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August 911 (Part 1)


Whelp, it’s August. That means back to school business. And it typically means exhaustion, overwhelm, and stress, especially for supervisors. Given you probably think you don’t even have time to read this, I want to help you better understand how important it is to manage your stress NOW and give you some tools to help you navigate this month.


I’ve talked about stress in past articles, but I want to do a quick review of a few things to really impart upon you how important it is to take care of yourself during this crazy time. I see and talk to far too many people who believe there simply is no time and any self-care will have to wait until September, or whenever things “calm down.” But the opposite is true. THIS is the time you need to do something about your stress. We’ll save the discussion about whether or not things ever “calm down” in Higher Ed for another time.


First things first, why do you need to manage your stress now? Why can’t it just wait until you have more time? It’s because the stress response, otherwise called fight, flight, freeze, and appease - aka “fight or flight,” is a physiological process. That means it impacts you physically, emotionally, and mentally. Now, is there anything you have to do right now that doesn’t involve those things? No, I didn’t think so.


All your prepping and organizing and doing and greeting and hobnobbing involves using your whole person. When you get thrown into fight or flight, your ability to think clearly, feel appropriately, and do effectively goes out the window. When you are in fight or flight, your whole person is stuck in survival mode. Survival mode is not meant for optimizing the situation, it’s meant for surviving. That’s it. If you’re being chased by a saber tooth tiger, it really doesn’t matter much how you avoid getting eaten. It just matters that you’re alive at the end of the day.


But is that what you want from August? I guess I should ask, is that ALL you want from August? Of course, survival would be great, but what’s the point of all this back-to-school madness? Isn’t it to get everyone off to a successful school year? Doesn’t that include you and your team? For that to happen, you cannot stay stuck in fight or flight. More specifically, letting your sympathetic nervous system run the show is going to get in the way of achieving your goals.


Your autonomic nervous system is comprised of two parts, sympathetic and parasympathetic. And just like we’ve been talking about, fight or flight is the sympathetic nervous system. When your body detects a threat, it goes into this mode to keep you safe. And let’s focus on that word safe for a minute. “Safe” isn’t about achieving all your lofty goals or being your best self. It’s simply survival mode.


The other half of this system is the parasympathetic nervous system, often called “rest and digest.” We were designed to be in “rest and digest” most of the time. That’s when our body recovers and heals itself. That’s when we have the bandwidth to grow and develop. That’s when we can truly be our best. Some stress is necessary to push us forward, but when the stress becomes too much that’s when the sympathetic nervous system kicks in.

Unfortunately, in our society, most of us are chronically stressed. And of course, working in education in August, or whenever your new term starts, often pushes us past the brink. And again, this is not something that can wait to manage until you magically have time. Medical research attributes up to 90% of illness and disease as being stress-related. You may feel, “fine, just tired” right now, but that doesn’t mean you are fine. I’ve heard from far too many folks working in Higher Ed about chronic illnesses popping up or getting worse, or just seemingly normal ailments like strep throat or shingles that they’ve had multiple times. That’s because of STRESS. Pushing yourself hard for an entire month is not going to help.


Now it’s easy enough, especially when you’re stressed, to think, “But I really do feel fine now (or I don’t but there’s nothing I can do about it), so I’ll worry about it in September.” I mean lots of us put off doing things that would probably help us be healthier. I get it. But what about all the things you have on your plate? What if I told you that working longer and harder and letting that stress build is causing you to be less effective and productive? That means staying in fight or flight makes everything you do harder and worse.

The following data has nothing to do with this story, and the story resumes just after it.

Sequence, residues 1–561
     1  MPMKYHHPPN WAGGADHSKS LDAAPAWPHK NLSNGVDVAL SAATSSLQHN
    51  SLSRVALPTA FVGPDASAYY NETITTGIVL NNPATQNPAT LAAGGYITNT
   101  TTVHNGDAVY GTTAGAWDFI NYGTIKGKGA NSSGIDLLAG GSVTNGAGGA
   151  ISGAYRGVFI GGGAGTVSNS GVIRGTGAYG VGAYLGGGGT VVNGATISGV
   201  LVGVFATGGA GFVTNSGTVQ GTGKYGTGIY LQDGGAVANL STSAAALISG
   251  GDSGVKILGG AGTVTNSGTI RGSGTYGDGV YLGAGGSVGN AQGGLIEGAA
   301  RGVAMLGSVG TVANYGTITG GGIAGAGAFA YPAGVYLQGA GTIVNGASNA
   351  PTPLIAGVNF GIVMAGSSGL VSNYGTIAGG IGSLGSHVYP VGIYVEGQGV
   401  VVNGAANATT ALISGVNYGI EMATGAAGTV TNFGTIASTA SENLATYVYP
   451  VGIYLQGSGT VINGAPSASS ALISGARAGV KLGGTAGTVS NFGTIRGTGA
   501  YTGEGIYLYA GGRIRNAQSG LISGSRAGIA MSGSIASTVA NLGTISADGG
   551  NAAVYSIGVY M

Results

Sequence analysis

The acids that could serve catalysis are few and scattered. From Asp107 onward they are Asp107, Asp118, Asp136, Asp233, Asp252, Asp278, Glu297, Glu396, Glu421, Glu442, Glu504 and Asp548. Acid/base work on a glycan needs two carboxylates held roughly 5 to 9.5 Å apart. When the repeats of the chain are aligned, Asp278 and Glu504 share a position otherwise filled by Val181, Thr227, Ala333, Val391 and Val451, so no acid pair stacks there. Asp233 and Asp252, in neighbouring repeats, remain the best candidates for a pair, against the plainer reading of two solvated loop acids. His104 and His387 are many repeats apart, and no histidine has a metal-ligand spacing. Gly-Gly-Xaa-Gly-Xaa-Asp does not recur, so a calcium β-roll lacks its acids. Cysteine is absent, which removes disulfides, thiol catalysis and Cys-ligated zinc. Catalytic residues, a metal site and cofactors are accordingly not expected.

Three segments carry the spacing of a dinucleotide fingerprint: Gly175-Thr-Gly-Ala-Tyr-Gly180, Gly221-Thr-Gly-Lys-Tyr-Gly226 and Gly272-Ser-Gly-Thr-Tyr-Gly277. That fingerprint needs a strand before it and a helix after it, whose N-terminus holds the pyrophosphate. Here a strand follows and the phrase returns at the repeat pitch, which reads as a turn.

Remember, this is a physiological process. The hormones involved in fight or flight causes you to hyperfocus on whatever it thinks is the threat. That means your eyes literally have a narrower focus, and your brain isn’t thinking big picture. You often can’t SEE what you normally could when you were relaxed and centered. Your ability to solve problems effectively and creatively goes right out the window.


It also means when you’re in fight or flight, all the new situations that pop up just go right into the “AGHHH, OH BLEEP” pile. Maybe the first thing was legitimately a crisis, but that second, third, and fourth weren’t. But because your sympathetic nervous system was in control, it blew those things out of proportion. That’s why you feel like you’re always putting out fires. All the things on your to-do list in August FEEL large and overwhelming because you’re stuck in fight or flight, not because they are.


Let me give you an example based on my life. About a month ago, my computer crashed. Luckily, when I got the blue screen of death to go away everything was still there. BUT it wouldn’t let me connect to any network. I’d cleverly put most of my files on the cloud to save storage space, so this was a large problem. To make things worse, it happened the morning of one of our summer Institute group calls. I had about an hour to fiddle with things, but ultimately had to do our Zoom call on my phone. But on the phone, I didn’t know where any of the settings were, and I couldn’t see everyone’s bright, shiny faces. It threw me off my game and made me feel disconnected. At one point, Alicia asked if I was still there or if I was frozen because it was hard to stay engaged on that tiny screen. That made me feel like this computer issue was an even bigger deal than before.


It took about a week to get back up and running, but that would have been shorter if I’d better managed my stress. I was hyper focused on MY computer being broken; it took over 24 hours to remember my mom had a computer downstairs. I’m not even making that up. It happened Wednesday morning, and it wasn’t until Thursday evening that it occurred to me that I could temporarily use her computer to do some of the things I’d been freaking out about not being able to do on mine.